• Borrow from a low interest line of credit to instantly fund your emergency account, and focus on paying off that line of credit.

This last idea is the one I utilized and I’m unsure whether to be proud or ashamed to admit it. I know myself: I’m better at paying debt off than putting cash in a savings account. So, I borrowed from a low interest line of credit, funded the entire emergency account in a day, and immediately began paying off that line of credit. I found this was faster than trying to save, say, 10% or 15% of each paycheque.

I know this method carries an interest cost each month, but hear me out: By saving the emergency account quicker, I was able to get into higher-return investments faster. I believe the costs are offset by the returns, especially so after those investments have been alive for 30 years.

Whichever way you decide to tackle saving this emergency fund, I wish you well — this is, in my opinion, the worst and hardest part of getting started.

Remember the Cost of Keeping Too Much Cash

Cash has a negative growth rate — inflation eats into the value of cash at anywhere between 0.5% to 2% or more per year. In order to ensure your cash is at least keeping up with inflation, you need to keep the cash in a savings account with an after-tax rate greater than inflation. Multiply your savings interest rate by 70% or 75% to get to a real savings rate number, and that number has to be greater than inflation.

That’s very hard to do.

Therefore, I have one major recommendation:

Never stop saving and building your emergency fund.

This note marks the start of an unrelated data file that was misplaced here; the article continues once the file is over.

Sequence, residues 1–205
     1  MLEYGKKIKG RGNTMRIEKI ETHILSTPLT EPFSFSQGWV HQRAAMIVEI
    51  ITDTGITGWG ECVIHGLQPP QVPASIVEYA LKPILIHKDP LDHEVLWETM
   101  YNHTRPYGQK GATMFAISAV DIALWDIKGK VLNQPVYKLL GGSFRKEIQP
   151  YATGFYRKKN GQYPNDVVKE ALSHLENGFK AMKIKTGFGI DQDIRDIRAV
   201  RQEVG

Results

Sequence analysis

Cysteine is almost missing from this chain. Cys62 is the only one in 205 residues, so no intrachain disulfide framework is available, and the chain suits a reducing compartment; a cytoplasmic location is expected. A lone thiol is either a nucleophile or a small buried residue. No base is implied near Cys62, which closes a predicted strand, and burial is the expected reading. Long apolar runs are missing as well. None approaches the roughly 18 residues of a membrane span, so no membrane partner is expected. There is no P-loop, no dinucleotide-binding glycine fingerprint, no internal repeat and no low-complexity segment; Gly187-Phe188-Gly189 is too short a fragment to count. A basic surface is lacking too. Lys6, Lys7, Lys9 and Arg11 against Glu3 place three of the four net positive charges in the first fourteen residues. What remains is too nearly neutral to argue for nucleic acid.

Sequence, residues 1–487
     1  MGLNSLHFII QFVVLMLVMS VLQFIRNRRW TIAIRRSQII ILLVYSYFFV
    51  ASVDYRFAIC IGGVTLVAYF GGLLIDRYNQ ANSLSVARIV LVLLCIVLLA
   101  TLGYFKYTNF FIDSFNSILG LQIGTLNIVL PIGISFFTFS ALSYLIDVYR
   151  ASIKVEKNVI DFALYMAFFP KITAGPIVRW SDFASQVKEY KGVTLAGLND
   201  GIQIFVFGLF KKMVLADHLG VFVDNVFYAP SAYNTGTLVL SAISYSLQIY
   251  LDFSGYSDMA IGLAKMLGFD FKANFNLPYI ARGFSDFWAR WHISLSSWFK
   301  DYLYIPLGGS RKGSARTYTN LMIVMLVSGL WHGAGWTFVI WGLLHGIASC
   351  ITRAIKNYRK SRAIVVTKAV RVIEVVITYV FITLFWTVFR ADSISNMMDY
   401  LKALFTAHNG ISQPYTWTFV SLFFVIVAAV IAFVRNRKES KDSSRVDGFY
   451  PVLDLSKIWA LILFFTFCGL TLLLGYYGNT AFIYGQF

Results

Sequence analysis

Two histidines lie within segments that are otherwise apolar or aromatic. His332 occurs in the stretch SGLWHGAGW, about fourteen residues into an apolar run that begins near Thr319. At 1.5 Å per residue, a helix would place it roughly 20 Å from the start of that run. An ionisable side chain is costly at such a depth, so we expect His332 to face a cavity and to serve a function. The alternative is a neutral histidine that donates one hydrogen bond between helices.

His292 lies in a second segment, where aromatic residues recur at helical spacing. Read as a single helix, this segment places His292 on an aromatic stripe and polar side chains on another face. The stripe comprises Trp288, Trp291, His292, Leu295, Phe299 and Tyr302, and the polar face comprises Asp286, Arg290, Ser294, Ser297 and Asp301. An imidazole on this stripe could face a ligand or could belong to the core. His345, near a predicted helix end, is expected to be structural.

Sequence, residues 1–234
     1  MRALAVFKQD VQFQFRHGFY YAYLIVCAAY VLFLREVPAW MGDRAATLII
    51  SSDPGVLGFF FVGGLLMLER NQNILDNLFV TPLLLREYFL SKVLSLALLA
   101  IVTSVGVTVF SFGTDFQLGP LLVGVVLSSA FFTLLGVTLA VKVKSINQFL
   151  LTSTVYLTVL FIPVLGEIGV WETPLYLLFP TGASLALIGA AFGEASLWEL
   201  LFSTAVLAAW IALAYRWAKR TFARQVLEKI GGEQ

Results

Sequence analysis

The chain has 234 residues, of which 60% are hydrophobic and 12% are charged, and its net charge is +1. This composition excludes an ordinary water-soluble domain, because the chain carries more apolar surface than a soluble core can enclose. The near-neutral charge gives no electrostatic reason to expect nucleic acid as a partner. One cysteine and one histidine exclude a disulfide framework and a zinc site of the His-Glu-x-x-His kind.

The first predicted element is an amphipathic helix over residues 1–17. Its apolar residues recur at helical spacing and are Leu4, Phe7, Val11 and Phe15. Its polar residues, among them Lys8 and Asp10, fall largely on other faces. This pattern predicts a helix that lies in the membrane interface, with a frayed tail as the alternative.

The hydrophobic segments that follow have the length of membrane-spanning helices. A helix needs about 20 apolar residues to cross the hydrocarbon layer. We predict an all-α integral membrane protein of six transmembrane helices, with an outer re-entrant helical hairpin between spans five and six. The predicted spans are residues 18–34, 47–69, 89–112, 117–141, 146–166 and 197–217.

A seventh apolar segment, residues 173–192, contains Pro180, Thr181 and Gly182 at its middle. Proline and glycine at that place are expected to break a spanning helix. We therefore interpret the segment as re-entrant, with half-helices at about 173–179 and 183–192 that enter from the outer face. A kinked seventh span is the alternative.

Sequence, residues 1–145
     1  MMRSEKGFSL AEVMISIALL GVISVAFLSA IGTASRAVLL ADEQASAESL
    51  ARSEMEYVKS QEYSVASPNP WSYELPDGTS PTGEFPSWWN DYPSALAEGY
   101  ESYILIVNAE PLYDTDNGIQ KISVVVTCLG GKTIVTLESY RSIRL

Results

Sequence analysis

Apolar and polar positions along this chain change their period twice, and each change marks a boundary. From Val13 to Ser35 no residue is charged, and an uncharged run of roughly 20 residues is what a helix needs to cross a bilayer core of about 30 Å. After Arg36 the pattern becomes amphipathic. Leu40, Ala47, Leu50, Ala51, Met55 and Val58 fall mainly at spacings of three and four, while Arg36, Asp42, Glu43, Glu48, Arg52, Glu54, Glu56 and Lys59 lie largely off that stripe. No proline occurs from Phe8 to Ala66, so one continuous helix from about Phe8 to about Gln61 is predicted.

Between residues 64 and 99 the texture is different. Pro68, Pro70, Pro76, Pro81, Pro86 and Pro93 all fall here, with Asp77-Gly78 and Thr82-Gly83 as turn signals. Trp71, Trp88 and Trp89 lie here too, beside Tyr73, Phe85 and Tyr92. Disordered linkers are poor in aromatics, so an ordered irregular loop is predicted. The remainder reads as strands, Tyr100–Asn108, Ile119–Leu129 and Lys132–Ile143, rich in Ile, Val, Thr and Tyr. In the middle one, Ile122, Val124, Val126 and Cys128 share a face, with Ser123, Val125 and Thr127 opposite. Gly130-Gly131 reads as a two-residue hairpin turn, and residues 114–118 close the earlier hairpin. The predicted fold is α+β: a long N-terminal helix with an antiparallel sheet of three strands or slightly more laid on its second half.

Once you have saved the bare minimum in your emergency fund, you should get started on saving for higher-return investments. But you should always continue to supplement that emergency fund to ensure it contains enough cash for a rainy day.

Continue building your emergency fund for two reasons:

  • As mentioned above, it’s unlikely you can keep your cash in an accessible account and find an after-tax interest rate that’s greater than inflation. It’s possible, but it’s difficult, especially at Canada’s big banks. Keep supplementing that emergency fund to overcome the cost of inflation.

  • Your income is going to rise over time, and so your fixed and variable costs are going to rise over time as well. Everybody increases their lifestyle to match their earnings. This, plus the fact all expenses increase through inflation, ensure a never-ending need to increase your emergency fund.

Put another way, the emergency fund is a moving target that constantly needs to grow over time, carries an expensive cost because of inflation, and is the hardest element of getting started when building wealth.

Emergency funds suck.

My emergency fund rule of thumb: Determine an amount you’d be comfortable with should a rainy day take place, and save slightly less than that amount.

The lesser amount will lower the cost of keeping cash, shorten the amount of time it takes for you to save the emergency fund, and most importantly, will ensure a fire is lit under your butt to supplement your life if a rainy day comes your way.


I appreciate you making it through Part #2. Next week, we’ll discuss why renting for a longer time than you might hope will help build your down payment and get you off on the right foot for years to come.

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I hope you have a fantastic weekend ahead of Thanksgiving weekend. The summer has come and gone and fall is getting fully underway.

Cheers,

JG